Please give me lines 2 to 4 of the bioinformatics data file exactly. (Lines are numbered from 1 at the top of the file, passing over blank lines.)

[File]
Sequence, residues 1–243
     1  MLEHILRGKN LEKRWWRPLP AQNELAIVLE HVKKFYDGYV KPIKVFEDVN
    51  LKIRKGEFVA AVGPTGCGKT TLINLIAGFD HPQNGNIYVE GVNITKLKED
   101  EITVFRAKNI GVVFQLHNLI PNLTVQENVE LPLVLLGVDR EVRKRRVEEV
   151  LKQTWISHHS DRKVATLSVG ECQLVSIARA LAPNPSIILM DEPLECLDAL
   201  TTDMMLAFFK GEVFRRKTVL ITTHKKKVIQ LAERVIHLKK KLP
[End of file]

     1  MLEHILRGKN LEKRWWRPLP AQNELAIVLE HVKKFYDGYV KPIKVFEDVN
    51  LKIRKGEFVA AVGPTGCGKT TLINLIAGFD HPQNGNIYVE GVNITKLKED
   101  EITVFRAKNI GVVFQLHNLI PNLTVQENVE LPLVLLGVDR EVRKRRVEEV